“Coming from up here, in Canada, we heard about the unrest in the South, but you never got the idea of how the white people really felt down there,” he said.
And the angry Southern whites were more belligerent to the Northern protesters than to the blacks living there.
“They were hostile to the ‘agitators’ or ‘beatniks’ from the North,” he recalled. “It was a very eerie feeling.”
Yuhnke, who served 50 years ago as editor of the Canisius newspaper, The Griffin, recalled a few snapshots that showed the hostility and racial tension in Selma and the Deep South:
• The first hint came on the last leg of the roughly 1,000-mile drive from Buffalo to Selma, when a new bus driver revealed his views.
First, he turned the heat up to its maximum level, so the Canisius students were all sweating, Yuhnke remembered. When the students opened the windows, the driver turned off the heat and left them chilled on an approximately 40-degree night.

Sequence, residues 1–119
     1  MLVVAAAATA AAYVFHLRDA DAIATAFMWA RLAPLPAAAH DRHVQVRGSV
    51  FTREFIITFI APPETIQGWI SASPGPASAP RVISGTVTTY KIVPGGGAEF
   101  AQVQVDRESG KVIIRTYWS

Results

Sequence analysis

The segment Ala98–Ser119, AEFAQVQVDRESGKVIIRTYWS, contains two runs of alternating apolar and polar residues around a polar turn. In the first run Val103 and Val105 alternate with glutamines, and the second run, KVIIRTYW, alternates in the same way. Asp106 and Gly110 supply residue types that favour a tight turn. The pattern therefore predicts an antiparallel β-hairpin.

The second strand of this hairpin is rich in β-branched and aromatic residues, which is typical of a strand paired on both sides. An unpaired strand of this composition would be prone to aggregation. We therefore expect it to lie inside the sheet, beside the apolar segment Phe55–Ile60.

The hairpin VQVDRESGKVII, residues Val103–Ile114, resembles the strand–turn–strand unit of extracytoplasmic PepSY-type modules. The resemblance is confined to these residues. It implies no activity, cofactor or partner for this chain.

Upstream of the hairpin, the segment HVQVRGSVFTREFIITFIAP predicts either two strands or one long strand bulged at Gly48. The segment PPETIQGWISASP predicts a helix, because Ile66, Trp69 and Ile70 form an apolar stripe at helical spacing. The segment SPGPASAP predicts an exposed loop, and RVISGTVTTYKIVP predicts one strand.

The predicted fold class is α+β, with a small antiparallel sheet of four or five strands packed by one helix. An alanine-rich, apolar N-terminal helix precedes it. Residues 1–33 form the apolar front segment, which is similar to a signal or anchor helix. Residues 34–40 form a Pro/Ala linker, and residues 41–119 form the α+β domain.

The Canisius College Archives contain a handwritten note based on a telephone call from one of the faculty members on the trip who referred to the same bus driver:
“Bus driver would not put on heat [or] allow radio and objected to Rosary being said,” the note said in part.
“At one point,” Yuhnke said, “he expressed some hostility to what our agenda was, Northern carpetbaggers or something like that, coming down to tell them what to do. It was clear he was hostile, by his facial expressions and his conduct.”
That same bus driver, once they got to Selma, didn’t drop the group off at its desired location in the black neighborhoods where the protesters were gathering.
• That’s when the protesters took their first “march,” a pre-dawn walk of maybe a mile, from white neighborhoods near downtown into the much poorer black neighborhoods.